2. Stand quietly in Wu-Chi (emptiness) at the beginning of the walk. We stand in this way until we feel grounded and connected to self and nature. To do this, we stand with our feet about shoulder width apart, weight evenly distributed between each foot, knees slightly bent, back straight, hips tucked in and neck aligned with the spine. Our chin is slightly tucked so that our neck is straight. Our eyes have a soft focus. We breathe evenly and deeply, visualizing the breath as a silken stream. We allow our self to feel rooted into the ground, perhaps by visualizing roots growing from the bottom of our feet into the Earth. We give thanks to the strength of the Earth and to the strength within. As we stand, we check in with our self, observe and note any aches and pains, and observe and make note of our general state of well-being. Once noted, we relax and enjoy simply being present with Creation and our self. When we are content in the present moment, with mind quiet and spirit grateful for our connection to the universal energy flow that exists between all things, we begin to walk and fully enjoy our opportunity for mutual sharing.
3. We use the act of walking for focus. We notice our footsteps as they touch the Earth. We allow ourselves to become energetically aware of each step, the feeling of each step and how our body moves through each step. The noticing allows our mind to stay in the now and keeps it from reliving the past or pre-living the future. There is no problem-solving during this walk. We notice only our steps, our body while taking each step and the comfort and quality of our breathing. The secondary benefit of our focus is an increasingly more positive relationship with our body and its functioning.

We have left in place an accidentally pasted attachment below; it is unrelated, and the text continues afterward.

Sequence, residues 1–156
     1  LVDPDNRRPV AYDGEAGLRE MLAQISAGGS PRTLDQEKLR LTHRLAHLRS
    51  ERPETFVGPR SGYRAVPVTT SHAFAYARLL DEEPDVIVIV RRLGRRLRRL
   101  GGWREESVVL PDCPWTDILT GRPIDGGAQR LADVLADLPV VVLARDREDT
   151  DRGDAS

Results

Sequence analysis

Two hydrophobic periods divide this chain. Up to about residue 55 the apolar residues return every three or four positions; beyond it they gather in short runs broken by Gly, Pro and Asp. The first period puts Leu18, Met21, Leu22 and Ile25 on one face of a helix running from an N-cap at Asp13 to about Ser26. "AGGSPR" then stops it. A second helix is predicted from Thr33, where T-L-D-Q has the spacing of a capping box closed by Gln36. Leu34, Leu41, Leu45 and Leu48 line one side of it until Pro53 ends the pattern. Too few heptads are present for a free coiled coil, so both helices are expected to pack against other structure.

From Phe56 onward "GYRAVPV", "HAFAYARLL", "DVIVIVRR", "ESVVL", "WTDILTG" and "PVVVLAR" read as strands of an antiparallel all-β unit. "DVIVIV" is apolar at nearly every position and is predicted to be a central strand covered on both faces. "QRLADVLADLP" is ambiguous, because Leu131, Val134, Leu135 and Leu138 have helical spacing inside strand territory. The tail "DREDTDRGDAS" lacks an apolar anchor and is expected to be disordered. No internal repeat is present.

4. Use the walk to connect with nature. There is great solace in the healing power of nature. Make friends with her. Notice new growth. Notice the sounds and smells and the life-force of nature. Notice the blossoms, the foliage and the animals that come into view. I made friends with a particularly large old pine tree. I stopped by to physically touch her and speak to her each time I walked. Her presence was particularly healing for me. I hope my appreciation helped her quality of life as much as she helped mine. I asked her if I could have a small piece of her magnificent old bark to carry with me. I placed it in my car to remind me of what is possible and to encourage my inward focus and connection to all that is.
5. We walk until we are at the end of our walk and then return to our starting location.
6. At the end of the walk we stand in Wu-Chi. We check in to see if we have achieved our intention. The check-in is not a pass or fail, but a noticing that provides insight. Has the walk helped to increase our feeling of well-being and our sense of connection to self and life? How do we feel physically in comparison to how we felt at the start of the walk?
Each of us has the opportunity to glimpse the depth of loving insight and experience available through a regular practice of meditation. Any restorative, awakening practice is an ongoing process. Our awareness increases a step at a time over a period of time and continues as long as we practice. Each day a new pathway of understanding opens up to us, and each of us has our own special window of experience that is important for our growth.